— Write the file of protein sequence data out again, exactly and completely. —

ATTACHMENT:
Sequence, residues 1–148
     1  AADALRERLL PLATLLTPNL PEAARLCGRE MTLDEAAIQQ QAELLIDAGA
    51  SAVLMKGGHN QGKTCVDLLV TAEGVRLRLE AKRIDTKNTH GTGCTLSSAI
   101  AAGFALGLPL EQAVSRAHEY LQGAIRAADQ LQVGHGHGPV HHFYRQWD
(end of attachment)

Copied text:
Sequence, residues 1–148
     1  AADALRERLL PLATLLTPNL PEAARLCGRE MTLDEAAIQQ QAELLIDAGA
    51  SAVLMKGGHN QGKTCVDLLV TAEGVRLRLE AKRIDTKNTH GTGCTLSSAI
   101  AAGFALGLPL EQAVSRAHEY LQGAIRAADQ LQVGHGHGPV HHFYRQWD